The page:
2017 Chevrolet Bolt Performance Review

Note: This performance review was created when the 2017 Chevrolet Bolt was new.


Performance: 9.0

With plenty of torque, the all-new 2017 Chevrolet Bolt accelerates briskly from a stop. It also has terrific range and one of the best mpg-e estimates in the class. A low center of gravity equates to nimble handling, though low-rolling resistance tires prioritize efficiency over grip. Still, the Bolt is entertaining to drive.

  • "The Bolt is very quick off the line and has decent passing power at highway speeds as well. The Bolt scaled the Malibu hills as effortlessly as any diesel-powered car - maybe more effortlessly, or at least it seems that way, because there's practically no sound, much less the clatter of a diesel." -- Cars.com
  • "Despite the fact that there's a half-ton of battery crammed into a small car, the Bolt is not only a good EV, it's fun to drive as well." -- New York Daily News
  • "For more typical urban and suburban driving, we could say the ride was quiet, and the Bolt eases out of its parking space and gets underway with smooth decorum. You can sneak in and out of your parking garage late at night undetected. This would be a fine car for ninjas, though GM expects the average buyer to be a professional urban city dweller." -- Autoweek

Acceleration and Power

The Bolt features an electric motor that drives 200 horsepower through a single-speed transmission. It has a 238-mile driving range on a full charge, and it returns 128 mpg-e in the city and 110 mpg-e on the highway. (Read What Is mpg-e? for more information.) These numbers are decent for an electric car, especially the Bolt’s range, which exceeds that of most other electric cars in its price range.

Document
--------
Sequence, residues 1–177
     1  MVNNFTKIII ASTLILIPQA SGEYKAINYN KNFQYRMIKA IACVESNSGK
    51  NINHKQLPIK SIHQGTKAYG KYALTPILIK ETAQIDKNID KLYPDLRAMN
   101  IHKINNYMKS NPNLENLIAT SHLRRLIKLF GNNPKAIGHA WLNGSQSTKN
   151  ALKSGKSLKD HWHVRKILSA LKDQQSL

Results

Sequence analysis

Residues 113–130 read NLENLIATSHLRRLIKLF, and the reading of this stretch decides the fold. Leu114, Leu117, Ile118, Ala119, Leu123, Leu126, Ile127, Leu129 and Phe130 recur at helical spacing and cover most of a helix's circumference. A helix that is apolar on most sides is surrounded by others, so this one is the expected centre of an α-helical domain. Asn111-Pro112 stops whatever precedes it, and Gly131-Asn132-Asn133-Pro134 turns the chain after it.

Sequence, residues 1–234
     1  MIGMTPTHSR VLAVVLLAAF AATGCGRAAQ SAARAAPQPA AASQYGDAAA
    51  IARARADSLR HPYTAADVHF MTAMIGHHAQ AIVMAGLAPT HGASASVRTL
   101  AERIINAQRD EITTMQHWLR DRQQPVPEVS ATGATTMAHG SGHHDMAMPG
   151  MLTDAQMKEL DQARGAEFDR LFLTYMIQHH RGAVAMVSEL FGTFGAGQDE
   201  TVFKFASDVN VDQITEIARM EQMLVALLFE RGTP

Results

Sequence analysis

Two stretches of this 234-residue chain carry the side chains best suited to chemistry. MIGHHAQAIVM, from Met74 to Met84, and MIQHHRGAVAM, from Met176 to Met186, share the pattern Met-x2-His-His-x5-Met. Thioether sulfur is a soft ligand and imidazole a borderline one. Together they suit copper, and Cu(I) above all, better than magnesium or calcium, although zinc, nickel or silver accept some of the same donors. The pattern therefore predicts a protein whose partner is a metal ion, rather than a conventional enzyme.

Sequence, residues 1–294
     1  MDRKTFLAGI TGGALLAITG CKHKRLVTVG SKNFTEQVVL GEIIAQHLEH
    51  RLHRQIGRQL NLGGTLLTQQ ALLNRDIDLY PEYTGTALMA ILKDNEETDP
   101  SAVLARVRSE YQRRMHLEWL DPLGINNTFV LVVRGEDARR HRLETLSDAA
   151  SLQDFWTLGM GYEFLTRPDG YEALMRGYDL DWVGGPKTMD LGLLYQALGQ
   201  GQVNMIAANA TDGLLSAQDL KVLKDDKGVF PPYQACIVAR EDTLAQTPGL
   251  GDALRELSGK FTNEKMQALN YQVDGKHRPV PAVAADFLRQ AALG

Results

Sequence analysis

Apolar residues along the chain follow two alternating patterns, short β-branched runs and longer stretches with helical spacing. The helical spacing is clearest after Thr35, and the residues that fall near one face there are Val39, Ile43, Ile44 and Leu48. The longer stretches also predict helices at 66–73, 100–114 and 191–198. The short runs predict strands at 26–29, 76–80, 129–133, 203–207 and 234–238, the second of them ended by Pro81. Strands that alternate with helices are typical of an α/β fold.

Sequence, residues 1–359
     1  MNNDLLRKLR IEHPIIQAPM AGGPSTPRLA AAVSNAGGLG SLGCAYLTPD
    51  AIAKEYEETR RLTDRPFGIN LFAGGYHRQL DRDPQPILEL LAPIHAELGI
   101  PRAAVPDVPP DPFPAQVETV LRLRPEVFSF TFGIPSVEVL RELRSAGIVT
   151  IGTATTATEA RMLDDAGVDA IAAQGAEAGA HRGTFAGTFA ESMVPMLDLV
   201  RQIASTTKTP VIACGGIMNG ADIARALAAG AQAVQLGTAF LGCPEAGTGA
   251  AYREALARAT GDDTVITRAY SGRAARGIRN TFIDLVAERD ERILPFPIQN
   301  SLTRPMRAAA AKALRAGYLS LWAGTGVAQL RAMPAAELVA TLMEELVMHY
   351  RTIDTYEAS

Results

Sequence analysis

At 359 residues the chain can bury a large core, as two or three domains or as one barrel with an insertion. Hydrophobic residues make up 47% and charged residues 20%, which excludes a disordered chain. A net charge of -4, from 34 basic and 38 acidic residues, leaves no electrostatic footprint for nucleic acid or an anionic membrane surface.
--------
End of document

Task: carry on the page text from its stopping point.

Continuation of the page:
Using a 240-volt charger, replenishing a depleted battery takes nine hours (about 25 miles of driving range per hour). If you visit a public-use DC fast-charging station, you can recharge up to 90 miles' worth of range in just 30 minutes. 

Most drivers will find the Bolt's acceleration exceeds expectations. Chevy claims a zero to 60 mph time of about 6.5 seconds. With 266 pound-feet of torque, there's plenty of oomph to get this EV up and moving, especially around town. With highway performance, critics offer differing opinions. Some say passing and merging aren't a problem, while others claim the Bolt doesn't feel particularly powerful in these situations. The Bolt’s top speed is 90 mph.

The Bolt's gearbox, a single-speed transmission, features a low mode that activates a more aggressive setting for its regenerative brakes, even eliminating the need to use the traditional brakes. In this setting, the regenerative system reduces the Bolt's speed more than when the transmission is in its normal mode, recapturing more kinetic energy to use for recharging the batteries. This is perfect when approaching a stop light – you recoup energy that would have normally been lost. Many other hybrid and electric cars have a similar feature, and it's easy to get accustomed to.